• Scaling up Integrated Management of Newborn and Childhood Illnesses (IMNCI) Strategy in Uganda

Track 3: Measuring Inequities, Monitoring & Tracking Progress

A major challenge has been establishing sustainable, quality mechanisms for measuring inequities and tracking progress.

The conference will feature the following sessions:

  • Improving Frontline Pharmacy Accountability for Child Health Services through Community Information Systems
  • Health Situation of Children Living in Humanitarian Settings: A call to action
  • Child Survival Action: A results framework for advocacy and action

Skills Building Sessions

The conference will feature the following sessions:

  • Writing a Successful Grant Application for your Community Based Organization
  • Community Health Planning and Costing Tool (CHPCT)

Closing Plenary

closing plenary speaker card

The Way Forward to Reduce Inequities and Improve Children’s Health Across Settings, will focus on reflection and call to action. It will feature Dr. Queen Dube, PhD, Chief of Health Services, Ministry of Health Malawi; Dr. Sangita Yadav, Professor, HIMSR and HAHC, Maulana Azad Medical College, New Delhi; and Dr. Lu Wei Pearson, Associate Director of Maternal and Newborn Child Health, UNICEF. This Plenary will challenge child health partners to utilize the Task Force platform as a mechanism to share homegrown transformational stories that became possible because of the re-commitment to ending preventable child deaths.

Two illustrated figures of children dancing


CSE infographic snapshot

The Task Force developed a new infographic for its SHN microlearing toolkit that explores the importance of comprehensive sexual education (CSE) for school-aged children. The tool examines CSE's benefits and the potential entry points for health and education sectors to support it. This resource is intended for USAID Mission staff, including health and education officers, as well as implementing partners, ministries of health and education, donors, and school administrators for consideration during program planning and co-investing. You can view the full infographic here.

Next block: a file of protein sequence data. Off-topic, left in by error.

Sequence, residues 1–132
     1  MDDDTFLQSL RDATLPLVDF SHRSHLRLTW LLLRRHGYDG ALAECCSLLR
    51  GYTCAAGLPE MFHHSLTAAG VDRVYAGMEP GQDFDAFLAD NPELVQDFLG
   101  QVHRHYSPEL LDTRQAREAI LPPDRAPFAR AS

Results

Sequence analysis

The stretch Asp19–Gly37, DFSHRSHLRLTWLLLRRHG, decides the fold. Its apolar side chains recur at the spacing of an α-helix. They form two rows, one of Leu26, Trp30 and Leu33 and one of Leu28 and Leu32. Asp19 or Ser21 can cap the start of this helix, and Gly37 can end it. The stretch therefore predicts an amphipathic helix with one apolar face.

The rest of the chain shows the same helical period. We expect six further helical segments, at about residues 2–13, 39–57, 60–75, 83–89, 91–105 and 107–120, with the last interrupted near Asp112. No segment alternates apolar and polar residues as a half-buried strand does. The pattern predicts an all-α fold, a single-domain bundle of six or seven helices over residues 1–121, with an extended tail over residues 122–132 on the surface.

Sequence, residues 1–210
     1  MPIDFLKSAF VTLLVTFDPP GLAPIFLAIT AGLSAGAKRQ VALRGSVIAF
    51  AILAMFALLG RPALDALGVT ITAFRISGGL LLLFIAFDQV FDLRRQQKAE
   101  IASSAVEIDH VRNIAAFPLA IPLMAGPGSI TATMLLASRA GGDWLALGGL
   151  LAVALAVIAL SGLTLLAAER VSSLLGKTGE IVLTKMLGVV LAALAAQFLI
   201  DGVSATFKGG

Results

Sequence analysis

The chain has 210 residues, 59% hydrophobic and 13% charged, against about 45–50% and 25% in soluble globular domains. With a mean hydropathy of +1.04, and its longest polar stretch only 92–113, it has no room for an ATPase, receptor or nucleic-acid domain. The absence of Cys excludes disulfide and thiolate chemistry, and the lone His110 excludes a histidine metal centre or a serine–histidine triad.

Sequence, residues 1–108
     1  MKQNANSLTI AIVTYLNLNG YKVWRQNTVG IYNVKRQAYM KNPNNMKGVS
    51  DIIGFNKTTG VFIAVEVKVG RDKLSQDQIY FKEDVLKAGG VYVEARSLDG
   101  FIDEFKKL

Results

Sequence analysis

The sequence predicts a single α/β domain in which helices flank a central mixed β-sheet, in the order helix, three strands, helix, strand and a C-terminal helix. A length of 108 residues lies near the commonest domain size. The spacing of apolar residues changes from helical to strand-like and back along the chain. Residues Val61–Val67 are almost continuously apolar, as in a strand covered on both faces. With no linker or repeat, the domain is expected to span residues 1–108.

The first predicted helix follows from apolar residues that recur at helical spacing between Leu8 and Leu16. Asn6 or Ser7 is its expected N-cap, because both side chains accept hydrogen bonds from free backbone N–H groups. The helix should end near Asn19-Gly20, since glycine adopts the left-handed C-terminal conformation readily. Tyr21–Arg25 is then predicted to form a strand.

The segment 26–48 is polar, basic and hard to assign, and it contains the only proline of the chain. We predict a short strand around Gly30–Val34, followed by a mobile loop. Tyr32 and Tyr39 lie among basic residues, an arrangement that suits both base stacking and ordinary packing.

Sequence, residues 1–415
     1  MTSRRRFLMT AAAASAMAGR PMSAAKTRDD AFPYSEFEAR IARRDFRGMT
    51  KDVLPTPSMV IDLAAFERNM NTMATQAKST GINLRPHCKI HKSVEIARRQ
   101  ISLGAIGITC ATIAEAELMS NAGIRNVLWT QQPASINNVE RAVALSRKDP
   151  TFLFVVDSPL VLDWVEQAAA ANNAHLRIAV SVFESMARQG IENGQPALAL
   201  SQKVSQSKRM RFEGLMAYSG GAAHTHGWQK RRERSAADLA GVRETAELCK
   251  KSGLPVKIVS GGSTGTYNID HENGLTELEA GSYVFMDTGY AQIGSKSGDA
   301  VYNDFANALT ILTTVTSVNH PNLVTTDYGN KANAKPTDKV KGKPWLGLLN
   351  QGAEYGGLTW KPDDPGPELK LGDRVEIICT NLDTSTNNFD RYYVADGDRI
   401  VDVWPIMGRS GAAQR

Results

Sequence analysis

Two illustrated figures of children dancing


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Institutionalizing iCCM

  • The subgroup is collaborating with the iCCM Task Team to support countries to strengthen the child health and systems components of their Global Fund proposals, including the incorporation of non-malaria commodities for child survival (resources for countries on the website). The Advisory Group has also continued to provide inputs on the final script for the institutionalizing iCCM toolkit which will be published soon.


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Monitoring & Evaluation 

  • The subgroup is continuing to lead the development of the CSA results framework and has identified key indicators for child survival; the group will support countries to identify relevant milestones to achieve their child health targets.


Commodities subgroup icon Newborn and Child Health Commodities

  • The call to action paper on improving access of amoxicillin and gentamicin was finalized and published. The subgroup members collaborated with USAID, UNICEF and other partners through a consultative series to provide data on the key bottlenecks and provide feedback on the final product.


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Quality of Care

  • The Quality of Care subgroup co-hosted the launch of the updated Nurturing Care Handbook and Practice Guide with the WHO and UNICEF in collaboration with the Network for Improving Quality of Care for Maternal, Newborn, and Child Health, and the Early Childhood Development Action Network. The webinar took place in English, French and Spanish, recording and presentation in all languages available on the website.


Re-imagining the child health package icon

Re-imagining the Package of Care for Children

  • The subgroup held two more sessions in their climate series co-hosted with UNICEF and Global Communities; the first focused on interventions for protecting women and children from heat stress in March and the second on malaria transmission and programming in May. Recordings, presentations, and resources from the series available on the website. The next session, focusing on the climate effects on arbovirus transmission in children, will take place on Thursday, June 15 at 9am ET.

Join individual subgroup mailing lists by completing this brief online form.

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Task Force Events

Partner Events

  • June 5-30, 2023, online and onsite | Johns Hopkins’ Global Health Systems Summer Institute | The institute provides early- and mid-career public health professionals with cutting-edge skills in a variety of global health topics.
  • June 13-15, 2023, Bangkok Thailand | VACCINATION ACCEPTANCE RESEARCH NETWORK (VARN) 2023 | VARN will host its second annual conference with UNICEF and Gavi, the Vaccine Alliance. Sessions will explore and facilitate the wide dissemination of a growing body of knowledge, practice, and evidence-informed strategies for driving action across the vaccination acceptance, demand and delivery ecosystem.
  • July 17-20, 2023, Kigali, Rwanda | Women Deliver 2023 Conference | WD2023 will enable inclusive and co-created spaces that foster solidarity for sustainable solutions on gender equality.